Copenhagen leaves rich nations untouched

Climate talks still stuck on key issues: IndiaNobody is ever responsible for anything, it seems, after Copenhagen. The rich countries, primary contributors to this mess, have got away scott free. It’s as if we don’t live on the same planet anymore. The most disturbing aspect of this is the historic reflection it casts once more.

From the fifteenth century onwards, colonizers have sailed to other countries and used technological and other advantages to plunder them. The amassed riches helped the colonizers develop.

The landscape after Copenhagen is not that different-we haven’t even caused the problem.

But we will be so severely harmed by climate change, that economic losses and adaptation will suck our funds dry. In essence, the self-preservation by the developed world is robbing countries like India of the possibility of becoming a wealthy, equitable country.

And as for Island nations, they don’t stand much chance of survival at all. Copenhagen tells us how little consensus there is on not repeating the darker parts of history.

Now what to do?

Now that we have seen how little world leaders, including the otherwise dynamic Barack Obama, are able to do for burning issues, we have to think of new strategies to combat global climate change.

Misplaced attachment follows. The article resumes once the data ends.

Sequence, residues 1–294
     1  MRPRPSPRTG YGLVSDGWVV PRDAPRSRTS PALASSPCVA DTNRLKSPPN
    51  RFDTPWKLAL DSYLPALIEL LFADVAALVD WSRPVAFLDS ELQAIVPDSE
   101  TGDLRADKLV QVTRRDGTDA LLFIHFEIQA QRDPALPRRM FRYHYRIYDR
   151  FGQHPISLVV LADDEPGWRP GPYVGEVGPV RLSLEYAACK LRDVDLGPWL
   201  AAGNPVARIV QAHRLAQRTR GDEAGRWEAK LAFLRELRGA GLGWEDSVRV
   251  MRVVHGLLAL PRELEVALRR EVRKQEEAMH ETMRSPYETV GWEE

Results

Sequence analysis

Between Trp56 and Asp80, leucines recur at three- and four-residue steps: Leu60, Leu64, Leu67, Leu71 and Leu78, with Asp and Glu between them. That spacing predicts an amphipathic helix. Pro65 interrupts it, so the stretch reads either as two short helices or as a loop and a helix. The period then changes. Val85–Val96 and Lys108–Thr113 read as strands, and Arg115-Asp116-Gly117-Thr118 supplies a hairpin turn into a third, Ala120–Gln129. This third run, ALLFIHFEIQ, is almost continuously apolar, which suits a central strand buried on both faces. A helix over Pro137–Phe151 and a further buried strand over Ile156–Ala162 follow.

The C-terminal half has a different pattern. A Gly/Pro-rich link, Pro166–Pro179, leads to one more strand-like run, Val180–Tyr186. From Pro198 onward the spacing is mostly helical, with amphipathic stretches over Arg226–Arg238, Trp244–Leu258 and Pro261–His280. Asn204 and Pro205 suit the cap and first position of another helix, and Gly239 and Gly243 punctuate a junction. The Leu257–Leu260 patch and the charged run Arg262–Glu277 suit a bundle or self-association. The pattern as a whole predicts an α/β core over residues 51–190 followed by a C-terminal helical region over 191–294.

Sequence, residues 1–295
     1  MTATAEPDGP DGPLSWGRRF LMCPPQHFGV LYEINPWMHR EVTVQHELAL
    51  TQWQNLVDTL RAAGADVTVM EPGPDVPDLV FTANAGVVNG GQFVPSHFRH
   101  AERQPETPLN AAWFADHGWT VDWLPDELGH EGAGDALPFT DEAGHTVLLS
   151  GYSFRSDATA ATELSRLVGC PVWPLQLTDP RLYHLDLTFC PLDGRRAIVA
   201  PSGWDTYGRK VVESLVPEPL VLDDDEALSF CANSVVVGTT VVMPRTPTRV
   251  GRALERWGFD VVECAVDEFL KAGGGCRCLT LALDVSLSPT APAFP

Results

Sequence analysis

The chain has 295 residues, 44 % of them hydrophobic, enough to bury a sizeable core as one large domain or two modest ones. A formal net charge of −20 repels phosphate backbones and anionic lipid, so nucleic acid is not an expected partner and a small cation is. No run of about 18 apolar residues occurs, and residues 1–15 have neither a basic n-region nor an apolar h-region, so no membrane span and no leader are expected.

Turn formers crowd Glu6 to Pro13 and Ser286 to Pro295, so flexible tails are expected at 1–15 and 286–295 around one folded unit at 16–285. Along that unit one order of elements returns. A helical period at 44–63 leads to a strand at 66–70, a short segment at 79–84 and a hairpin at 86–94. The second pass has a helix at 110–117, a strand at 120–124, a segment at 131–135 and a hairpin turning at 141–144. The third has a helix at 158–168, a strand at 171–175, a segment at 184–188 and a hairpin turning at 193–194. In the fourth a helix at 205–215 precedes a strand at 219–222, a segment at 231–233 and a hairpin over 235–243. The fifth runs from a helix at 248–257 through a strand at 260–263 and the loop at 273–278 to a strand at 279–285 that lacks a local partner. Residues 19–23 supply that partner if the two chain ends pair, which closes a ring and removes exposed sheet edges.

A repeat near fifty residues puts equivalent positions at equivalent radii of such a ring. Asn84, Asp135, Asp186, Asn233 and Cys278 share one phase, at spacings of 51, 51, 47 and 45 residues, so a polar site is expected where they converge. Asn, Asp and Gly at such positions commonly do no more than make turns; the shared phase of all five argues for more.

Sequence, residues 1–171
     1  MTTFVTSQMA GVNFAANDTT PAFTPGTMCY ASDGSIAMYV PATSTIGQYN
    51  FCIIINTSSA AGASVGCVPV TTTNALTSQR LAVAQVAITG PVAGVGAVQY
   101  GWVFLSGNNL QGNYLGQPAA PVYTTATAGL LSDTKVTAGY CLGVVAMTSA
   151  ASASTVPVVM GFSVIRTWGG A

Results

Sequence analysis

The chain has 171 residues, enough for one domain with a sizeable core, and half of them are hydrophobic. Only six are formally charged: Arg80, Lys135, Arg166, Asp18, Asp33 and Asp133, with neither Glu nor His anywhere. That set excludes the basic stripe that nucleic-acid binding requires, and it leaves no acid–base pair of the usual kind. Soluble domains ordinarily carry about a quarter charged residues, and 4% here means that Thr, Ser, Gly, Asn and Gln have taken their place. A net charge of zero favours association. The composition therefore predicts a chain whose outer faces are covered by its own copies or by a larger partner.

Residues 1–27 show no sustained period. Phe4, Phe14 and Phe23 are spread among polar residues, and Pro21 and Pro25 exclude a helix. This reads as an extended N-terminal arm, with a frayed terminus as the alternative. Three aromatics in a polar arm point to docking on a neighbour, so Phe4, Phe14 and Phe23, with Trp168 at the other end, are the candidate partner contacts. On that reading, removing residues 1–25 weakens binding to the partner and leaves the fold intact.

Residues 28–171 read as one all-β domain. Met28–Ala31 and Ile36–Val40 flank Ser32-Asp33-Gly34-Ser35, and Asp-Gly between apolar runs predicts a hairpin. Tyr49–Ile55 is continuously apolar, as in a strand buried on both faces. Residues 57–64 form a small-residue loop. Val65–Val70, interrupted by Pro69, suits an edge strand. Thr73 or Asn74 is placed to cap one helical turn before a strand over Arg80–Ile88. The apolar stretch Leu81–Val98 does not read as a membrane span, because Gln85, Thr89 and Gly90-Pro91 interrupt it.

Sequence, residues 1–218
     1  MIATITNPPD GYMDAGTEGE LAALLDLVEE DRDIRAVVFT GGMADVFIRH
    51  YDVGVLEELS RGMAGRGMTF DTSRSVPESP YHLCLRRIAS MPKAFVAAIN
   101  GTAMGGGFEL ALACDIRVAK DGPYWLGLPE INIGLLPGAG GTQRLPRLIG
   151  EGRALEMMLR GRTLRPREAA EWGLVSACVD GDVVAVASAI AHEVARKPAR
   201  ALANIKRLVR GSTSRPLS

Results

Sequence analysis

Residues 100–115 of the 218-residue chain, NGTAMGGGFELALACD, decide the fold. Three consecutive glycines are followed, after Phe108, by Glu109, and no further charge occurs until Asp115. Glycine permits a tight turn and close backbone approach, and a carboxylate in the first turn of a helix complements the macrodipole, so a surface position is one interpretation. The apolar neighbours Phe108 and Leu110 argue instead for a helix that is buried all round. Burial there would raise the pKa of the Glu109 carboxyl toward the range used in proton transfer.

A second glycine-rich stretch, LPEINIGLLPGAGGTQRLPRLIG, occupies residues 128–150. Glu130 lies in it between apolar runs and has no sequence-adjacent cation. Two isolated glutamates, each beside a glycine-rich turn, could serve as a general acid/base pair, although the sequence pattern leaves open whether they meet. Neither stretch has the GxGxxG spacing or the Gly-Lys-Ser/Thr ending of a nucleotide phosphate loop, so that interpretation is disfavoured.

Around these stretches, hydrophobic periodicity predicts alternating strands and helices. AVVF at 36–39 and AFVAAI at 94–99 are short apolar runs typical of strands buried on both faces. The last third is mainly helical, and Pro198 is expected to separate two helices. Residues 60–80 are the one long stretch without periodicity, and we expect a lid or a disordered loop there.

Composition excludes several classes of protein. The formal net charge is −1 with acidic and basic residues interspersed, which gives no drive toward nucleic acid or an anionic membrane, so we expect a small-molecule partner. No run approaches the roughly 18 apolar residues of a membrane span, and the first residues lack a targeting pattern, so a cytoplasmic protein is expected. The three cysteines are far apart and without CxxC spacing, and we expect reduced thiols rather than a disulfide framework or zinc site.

It is hardly a simple task, and most of us are likely mentally burned out after Copenhagen’s spectacular failure. So, what is it we can do? As people living in India, we already have the opportunity of starting with our cities.

I believe that cities have to show the way, because the wealthy amongst us are important energy and water guzzlers, and we stand to be impacted significantly.

Many cities have, or are in the process of creating, climate action plans. Typically, such plans are made by “specialists”, and may not have included the citizens at large in it. That’s why, for everyone who cares, take a look at the National Action Plan on Climate Change, learn about your own local plan and if there isn’t one, help set up a simple one.

There is too little time left for us to underestimate our own power.




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